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Doctor of Nursing Practice (DNP)
  • Program entry points: 2
  • Post-baccalaureate options: 5
  • Fisher family:1

Doctor of Nursing Practice (DNP)

You may enroll in Fisher’s doctor of nursing practice (DNP) program as a holder of either a bachelor’s degree or a master’s degree in nursing.

If you seek post-master's admission to the program, you must have an advanced-practice specialization as a nurse practitioner, clinical nurse specialist, certified registered nurse anesthetist, or certified nurse midwife. Becoming a nurse practitioner or clinical nurse specialist is part of your studies should you follow the post-baccalaureate track.

The DNP program’s accelerated format provides both full- and part-time options for study. The program can be completed in six semesters of full-time study on the post-graduate track, while you should be willing to commit to three years if you are traveling the post-baccalaureate path full-time.


Join Us for a Virtual Information Session

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See Success at Fisher

Join us for a Zoom session to learn about Fisher's graduate nursing offerings, including the M.S. in nursing programs and the Doctor of Nursing Practice (DNP). Speakers will include Dr. Colleen Donegan, associate professor and chair of graduate nursing programs; Dr. John Kirchgessner, associate professor and DNP program chair; and Dr. Donna Tydings, visiting assistant professor.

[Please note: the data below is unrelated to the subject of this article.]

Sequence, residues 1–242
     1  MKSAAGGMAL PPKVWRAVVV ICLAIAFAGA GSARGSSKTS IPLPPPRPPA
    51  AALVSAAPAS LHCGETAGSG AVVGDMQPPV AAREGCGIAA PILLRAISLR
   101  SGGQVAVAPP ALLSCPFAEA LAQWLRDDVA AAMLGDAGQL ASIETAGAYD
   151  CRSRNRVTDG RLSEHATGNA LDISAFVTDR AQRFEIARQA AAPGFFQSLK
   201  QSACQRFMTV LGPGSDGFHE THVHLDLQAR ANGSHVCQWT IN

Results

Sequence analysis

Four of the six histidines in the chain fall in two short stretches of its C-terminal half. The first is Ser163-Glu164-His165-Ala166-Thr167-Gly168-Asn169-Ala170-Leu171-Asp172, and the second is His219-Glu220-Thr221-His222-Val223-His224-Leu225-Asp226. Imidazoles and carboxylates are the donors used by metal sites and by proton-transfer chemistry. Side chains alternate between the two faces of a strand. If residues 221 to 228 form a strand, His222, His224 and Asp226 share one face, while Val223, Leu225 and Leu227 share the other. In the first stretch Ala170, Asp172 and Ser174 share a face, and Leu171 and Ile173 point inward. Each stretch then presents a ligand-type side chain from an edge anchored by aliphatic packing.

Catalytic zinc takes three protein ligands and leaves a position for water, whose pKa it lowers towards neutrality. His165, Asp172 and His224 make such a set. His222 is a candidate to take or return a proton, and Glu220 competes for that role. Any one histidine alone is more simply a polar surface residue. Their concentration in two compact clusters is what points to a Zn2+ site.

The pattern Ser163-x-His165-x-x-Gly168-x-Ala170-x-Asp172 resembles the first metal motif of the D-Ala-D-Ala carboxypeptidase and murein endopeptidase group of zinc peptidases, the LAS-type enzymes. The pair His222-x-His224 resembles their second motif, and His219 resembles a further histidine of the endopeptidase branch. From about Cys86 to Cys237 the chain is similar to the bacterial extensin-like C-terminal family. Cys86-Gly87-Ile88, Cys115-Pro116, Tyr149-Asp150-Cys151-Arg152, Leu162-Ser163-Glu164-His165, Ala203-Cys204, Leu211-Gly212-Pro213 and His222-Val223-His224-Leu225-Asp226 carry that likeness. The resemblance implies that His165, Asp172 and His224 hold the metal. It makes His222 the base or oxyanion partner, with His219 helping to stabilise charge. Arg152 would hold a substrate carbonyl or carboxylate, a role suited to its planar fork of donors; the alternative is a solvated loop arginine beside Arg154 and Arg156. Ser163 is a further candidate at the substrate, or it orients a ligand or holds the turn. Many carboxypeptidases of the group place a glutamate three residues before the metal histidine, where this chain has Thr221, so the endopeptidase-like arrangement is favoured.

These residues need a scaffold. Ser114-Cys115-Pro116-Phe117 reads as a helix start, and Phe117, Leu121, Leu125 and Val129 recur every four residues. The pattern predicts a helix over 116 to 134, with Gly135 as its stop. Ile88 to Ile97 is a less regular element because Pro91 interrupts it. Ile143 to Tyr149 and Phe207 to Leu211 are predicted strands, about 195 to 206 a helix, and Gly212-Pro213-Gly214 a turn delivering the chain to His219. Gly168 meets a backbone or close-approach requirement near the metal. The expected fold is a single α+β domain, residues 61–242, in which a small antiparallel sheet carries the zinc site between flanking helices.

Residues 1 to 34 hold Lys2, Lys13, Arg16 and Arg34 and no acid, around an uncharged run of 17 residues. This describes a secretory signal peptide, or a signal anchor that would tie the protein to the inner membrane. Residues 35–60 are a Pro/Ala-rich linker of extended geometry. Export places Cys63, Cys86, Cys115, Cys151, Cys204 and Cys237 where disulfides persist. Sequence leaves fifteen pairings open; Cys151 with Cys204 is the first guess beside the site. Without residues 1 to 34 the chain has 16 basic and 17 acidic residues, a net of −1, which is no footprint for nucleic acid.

Upcoming Sessions


Program Overview

The format of the DNP program includes blended hybrid courses and the use of simulation, case studies, and seminars.

In the post-master's track, you will complete a minimum of 33 credit hours of coursework. If you are coming to the program with a bachelor’s-level degree in nursing, you are required to complete 62-72 credit hours to obtain your DNP.

In addition, whether you choose the post-master's or post-baccalaureate option, you will be expected to complete 1,000 hours of clinical practice.

Program Outcomes

At the completion of the program, the graduate will be prepared to:

  • Implement and evaluate clinical practice based on scientific knowledge.
  • Assume advanced practice nursing roles as an expert clinician.
  • Demonstrate advanced leadership skills necessary to meet the challenges of increasingly complex health care organizations.
  • Demonstrate analytical methodologies for the evaluation of clinical practice and the application of scientific evidence to improve professional practice.
  • Apply clinical scholarship methodologies for organizational quality improvement, evidence-based practice, and health care outcomes.
  • Use advanced skills to design, develop, and implement the use of contemporary technological information systems.
  • Demonstrate expertise in the analysis, formulation, and implementation of health care policy.
  • Collaborate with interdisciplinary teams necessary to meet health care needs of individuals and populations.
  • Apply ethical theories, legal and practice standards, and advocacy to decision-making in health care issues.
  • Apply population-based methodologies for health promotion and disease-prevention in advanced practice.

Our DNP graduates are prepared to effect change and take on high-level roles in health systems, academia, and policy making, with the goal of improving health outcomes for individuals, communities, and the nation as a whole. ”


Tricia Gatlin
  • Tricia K. Gatlin
  • Dean, Wegmans School of Nursing